September 18, 2020

The Niche

Knoepfler lab stem cell blog

Search Results for: clinicaltrials.gov

3 min read

Clinicaltrials.gov is a wonderful resource for its many users, whether a patient searching for a clinical trial to actually participate in or someone doing research as I have done, but it’s not perfect and some sponsors have been breaking the rules regarding its use. It’s a major problem in fact. Based on new draft guidance it seems that the FDA and NIH are teaming up in a big new way to punish those who are non-compliant with the Clinicaltrials.gov-related regulations and laws, including potentially …Read More

4 min read

It’s hard to even imagine the world of investigative medicine without the wonderful resource of Clinicaltrials.gov, the global hub for clinical trial listings. I recently interviewed the Director of Clinicaltrials.gov, Dr. Deborah Zarin here, which is a fascinating read. As great as Clinicaltrials.gov is as a resource, unfortunately it faces a new, rapidly growing problem that is a serious threat to the site. The Clinicaltrials.gov database is including a rapidly increasing number of for-profit clinical trials that are not by any stretch of the imagination traditional clinical trials. At present, …Read More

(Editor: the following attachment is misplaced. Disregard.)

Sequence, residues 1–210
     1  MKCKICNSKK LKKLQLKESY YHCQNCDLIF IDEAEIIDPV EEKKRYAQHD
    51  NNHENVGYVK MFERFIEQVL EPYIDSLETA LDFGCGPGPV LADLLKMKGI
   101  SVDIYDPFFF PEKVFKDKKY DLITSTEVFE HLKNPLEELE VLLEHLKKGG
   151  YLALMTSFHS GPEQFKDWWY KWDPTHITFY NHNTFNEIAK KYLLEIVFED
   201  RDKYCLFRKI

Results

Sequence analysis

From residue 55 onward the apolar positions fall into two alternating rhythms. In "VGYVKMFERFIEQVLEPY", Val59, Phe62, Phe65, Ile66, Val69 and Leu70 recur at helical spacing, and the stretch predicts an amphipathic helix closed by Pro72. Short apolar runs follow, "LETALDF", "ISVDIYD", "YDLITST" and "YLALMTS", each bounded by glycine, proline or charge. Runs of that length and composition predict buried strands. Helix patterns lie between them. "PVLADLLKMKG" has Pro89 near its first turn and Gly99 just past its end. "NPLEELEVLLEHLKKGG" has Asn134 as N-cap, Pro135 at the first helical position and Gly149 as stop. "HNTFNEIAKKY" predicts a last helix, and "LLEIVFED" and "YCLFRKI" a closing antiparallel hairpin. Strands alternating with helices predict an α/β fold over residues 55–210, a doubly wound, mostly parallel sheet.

8 min read

This post is the first in a series about the Clinicaltrials.gov website. This piece is an interview the Director, Dr. Deborah Zarin. I want to thank her for taking the time to answer my questions. Later, I will post Part 2 in which I discuss my concerns about the trend of for-profit stem cell clinic trials being listed on Clinicaltrials.gov that in my view are not conventional trials. First a little background on Clinicaltrials.gov before I get into the interview. It is the global clinical trials website …Read More

4 min read

Another week and more great papers and interesting news in the regenerative medicine sphere including COVID-19 updates, stem cells for vision, and more. Rebuilding Corneas With Stem Cells Stem cell-based regenerative medicine arguably has shown the most promise for vision loss. A PR from Massachusetts Eye and Ear says: Doctors rebuild damaged corneas using patients’ own own stem cells for first time in US. This is interesting work. The autologous transplant method is called “‘cultivated autologous limbal epithelial cell transplantation’ (CALEC).” It involves taking …Read More